Tribunal winner claiming 370k from software firm

A sales executive is claiming 370,000 from Oracle after winning a sex discrimination case against the software company.

Karen Carlucci, an account manager at Oracle for 10 years, claims the stigma of a sex discrimination case and the fact she is 38-years-old with two children prevents her from obtaining a similar position and salary with another company in the IT industry.

She won the sex discrimination case at an employment tribunal earlier this year after exposing a ‘boys club’ culture at Oracle’s Reading-based UK headquarters, where she was subjected to sexist e-mails and sexist behaviour from her male managers.

At the time she left Oracle, Carlucci was on 63,500 basic salary with ‘on target earnings’ of 125,000. She is claiming loss of future earnings and aggravated damages totalling 370,000.

Daniel Stilitz, counsel for Oracle, dismissed Carlucci’s claim as “perverse”. He said Carlucci’s record in IT sales would make her an attractive candidate.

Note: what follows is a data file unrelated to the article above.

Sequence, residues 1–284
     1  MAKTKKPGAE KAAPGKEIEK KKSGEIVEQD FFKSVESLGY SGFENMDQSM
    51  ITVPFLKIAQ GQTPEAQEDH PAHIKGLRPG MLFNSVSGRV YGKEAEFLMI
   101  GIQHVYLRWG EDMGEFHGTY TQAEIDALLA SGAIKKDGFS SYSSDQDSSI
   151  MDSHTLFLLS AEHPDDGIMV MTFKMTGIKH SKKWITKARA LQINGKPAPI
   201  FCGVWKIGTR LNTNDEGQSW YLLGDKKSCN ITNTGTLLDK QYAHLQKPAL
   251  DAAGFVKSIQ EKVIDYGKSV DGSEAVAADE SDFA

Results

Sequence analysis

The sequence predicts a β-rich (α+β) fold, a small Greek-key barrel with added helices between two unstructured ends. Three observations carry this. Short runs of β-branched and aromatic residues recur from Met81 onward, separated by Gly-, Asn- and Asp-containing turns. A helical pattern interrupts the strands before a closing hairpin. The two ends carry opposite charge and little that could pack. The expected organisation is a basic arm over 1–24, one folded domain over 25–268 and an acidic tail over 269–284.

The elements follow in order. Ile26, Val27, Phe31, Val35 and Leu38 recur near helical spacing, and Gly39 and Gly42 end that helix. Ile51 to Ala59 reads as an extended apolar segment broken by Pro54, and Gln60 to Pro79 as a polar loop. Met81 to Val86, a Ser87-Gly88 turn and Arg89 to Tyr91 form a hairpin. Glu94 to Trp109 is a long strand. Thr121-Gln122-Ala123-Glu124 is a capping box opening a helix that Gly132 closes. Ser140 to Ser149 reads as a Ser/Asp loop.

But Daniel Isaac, employment partner at law firm Withers, said it was generally accepted that bringing a case of this nature would make it more difficult to get another job.

“It is entirely legitimate to ask for compensation in a case like this,” he said. “If prospective employers are aware of the case they may see the claimant as a troublemaker.”

Since the case, Oracle has spent 100,000 training 200 managers in equal opportunities, but Carlucci is still seeking a public apology from the company.

James Laddie, counsel for Carlucci, said the effect of the case on his client had been “severe and long-lasting” and accused Oracle of being arrogant and misleading throughout the proceedings.

The tribunal is expected to reach a final decision on compensation by the end of November.

Oracle’s final offer

The end may be in sight in the ongoing saga of Oracle’s hostile takeover bid for business software rival PeopleSoft.

Oracle has made what it called its “best and final offer” for PeopleSoft, raising its bid from 11 to 13 per share, and paring down the conditions it is stipu-lating for the deal. That puts the value of the new offer at 5bn.

If the deal goes ahead, it may have implications for PeopleSoft users as Oracle has hinted in the past that it would largely cease active development of the PeopleSoft portfolio of products.

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